The Glanville fritillary (Melitaea cinxia) study system in the Åland Islands is exceptional in terms of the resources available for research. The ecological study has been continued since 1991, and the annual large-scale survey of the entire metapopulation provides unique long-term ecological data at a landscape level. The butterfly laboratory at the Lammi Biological stationmakes it possible to rear butterflies and host plants in a large scale and conduct experiments throughout the year. Finally, the recently developed genomic resources make genome-wide studies feasible. The primary aim of this project is to find genetic loci associated with life history traits in the Glanville fritillary, with a special focus on larval development and flight metabolic rate. Currently, another line of research compares the well-studied metapopulation in the Åland Islands with a small, completely isolated population on the small island of Pieni Tytärsaari (PT) in the Gulf of Finland. This population has persisted in spite of large genetic load accumulated over the past 100 years.
For more information about the project see the latest annual report of our group.
More information about the Glanville fritillary butterfly genome project.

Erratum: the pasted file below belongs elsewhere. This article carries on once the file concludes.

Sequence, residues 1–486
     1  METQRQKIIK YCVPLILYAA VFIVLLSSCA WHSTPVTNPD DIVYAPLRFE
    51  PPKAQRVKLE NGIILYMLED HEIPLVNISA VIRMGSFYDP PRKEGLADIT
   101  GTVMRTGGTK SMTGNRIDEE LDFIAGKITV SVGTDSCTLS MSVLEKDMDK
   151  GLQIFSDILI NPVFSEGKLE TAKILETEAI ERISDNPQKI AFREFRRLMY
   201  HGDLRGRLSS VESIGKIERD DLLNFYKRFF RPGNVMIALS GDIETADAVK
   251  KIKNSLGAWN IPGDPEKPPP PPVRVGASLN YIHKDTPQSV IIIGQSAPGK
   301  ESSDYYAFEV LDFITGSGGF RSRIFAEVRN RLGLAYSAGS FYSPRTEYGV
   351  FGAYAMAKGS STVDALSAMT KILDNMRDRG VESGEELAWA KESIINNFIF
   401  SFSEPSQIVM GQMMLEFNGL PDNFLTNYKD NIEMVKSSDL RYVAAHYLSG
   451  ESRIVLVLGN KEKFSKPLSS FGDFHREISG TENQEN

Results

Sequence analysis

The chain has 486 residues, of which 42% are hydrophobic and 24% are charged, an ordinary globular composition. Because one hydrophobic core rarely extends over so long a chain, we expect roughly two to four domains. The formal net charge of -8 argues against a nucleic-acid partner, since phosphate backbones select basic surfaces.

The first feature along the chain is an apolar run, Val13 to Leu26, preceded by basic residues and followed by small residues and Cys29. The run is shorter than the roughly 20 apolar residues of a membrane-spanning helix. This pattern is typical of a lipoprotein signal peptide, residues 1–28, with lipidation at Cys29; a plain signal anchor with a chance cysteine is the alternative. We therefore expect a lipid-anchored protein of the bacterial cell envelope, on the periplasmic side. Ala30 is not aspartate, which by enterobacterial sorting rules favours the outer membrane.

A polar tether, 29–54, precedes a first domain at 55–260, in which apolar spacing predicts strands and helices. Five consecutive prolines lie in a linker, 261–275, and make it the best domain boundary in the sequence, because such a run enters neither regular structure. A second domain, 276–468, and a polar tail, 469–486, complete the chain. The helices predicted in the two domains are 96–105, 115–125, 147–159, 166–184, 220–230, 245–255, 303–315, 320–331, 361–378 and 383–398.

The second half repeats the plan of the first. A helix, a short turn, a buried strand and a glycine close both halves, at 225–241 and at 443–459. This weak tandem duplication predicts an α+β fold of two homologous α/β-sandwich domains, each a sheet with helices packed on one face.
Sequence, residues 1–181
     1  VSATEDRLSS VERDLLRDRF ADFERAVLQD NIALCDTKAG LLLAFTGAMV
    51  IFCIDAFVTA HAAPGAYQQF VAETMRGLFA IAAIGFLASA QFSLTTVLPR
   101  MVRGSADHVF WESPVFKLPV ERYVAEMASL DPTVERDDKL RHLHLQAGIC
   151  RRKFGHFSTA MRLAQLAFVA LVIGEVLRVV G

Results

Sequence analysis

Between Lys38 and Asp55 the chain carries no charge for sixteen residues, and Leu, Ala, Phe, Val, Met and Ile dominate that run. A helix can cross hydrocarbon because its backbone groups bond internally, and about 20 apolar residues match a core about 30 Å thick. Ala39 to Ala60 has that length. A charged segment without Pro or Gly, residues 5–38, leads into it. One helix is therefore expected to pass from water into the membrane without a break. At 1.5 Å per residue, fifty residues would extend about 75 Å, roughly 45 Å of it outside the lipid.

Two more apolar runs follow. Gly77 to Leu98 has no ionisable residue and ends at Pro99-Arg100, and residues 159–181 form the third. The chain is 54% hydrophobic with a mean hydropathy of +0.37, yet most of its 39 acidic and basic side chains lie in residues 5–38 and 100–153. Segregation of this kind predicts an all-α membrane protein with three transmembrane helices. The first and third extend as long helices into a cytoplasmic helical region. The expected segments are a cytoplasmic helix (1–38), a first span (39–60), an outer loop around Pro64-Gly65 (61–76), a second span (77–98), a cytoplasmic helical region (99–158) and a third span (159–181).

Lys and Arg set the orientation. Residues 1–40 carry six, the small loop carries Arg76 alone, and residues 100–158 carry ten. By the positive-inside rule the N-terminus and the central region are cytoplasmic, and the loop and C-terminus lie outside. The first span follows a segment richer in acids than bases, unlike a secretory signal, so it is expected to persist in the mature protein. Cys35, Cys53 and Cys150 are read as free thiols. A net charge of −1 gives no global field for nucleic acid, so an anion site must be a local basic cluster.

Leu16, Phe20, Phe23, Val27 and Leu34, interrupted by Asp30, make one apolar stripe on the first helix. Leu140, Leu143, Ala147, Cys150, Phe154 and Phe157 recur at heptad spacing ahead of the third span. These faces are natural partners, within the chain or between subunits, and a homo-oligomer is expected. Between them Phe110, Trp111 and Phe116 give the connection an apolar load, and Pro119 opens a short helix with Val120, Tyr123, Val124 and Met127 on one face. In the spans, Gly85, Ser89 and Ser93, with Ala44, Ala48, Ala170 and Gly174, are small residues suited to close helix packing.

Principal investigators: Ilkka Hanski, Mikko Frilander
Post docs: Virpi Ahola, Toby Fountain, Jouni Kvist
Post graduate students: Swee Chong Wong
Research assistants: Suvi Ikonen, Toshka Nyman, Laura Häkkinen
- Ahola, V., Koskinen, P., Wong, S.C. et al. (2015). Temperature- and sex-related effects of serine protease alleles on larval development in the Glanville fritillary butterfly. Journal of Evolutionary Biology, 28: 2224–2235
- Kvist, J., Mattila, A.L.K., Somervuo P. et al. (2015). Flight-induced changes in gene expression in the Glanville fritillary butterfly. Molecular Ecology, 24:4886–4900.
- Wong S. W., Oksanen A., Mattila A.L.K., Lehtonen R., Niitepõld K., Hanski I. (2015). Effects of ambient and preceding temperatures and metabolic genes on flight metabolism in the Glanville fritillary butterfly. Journal of Insect Physiology, 85:23-31.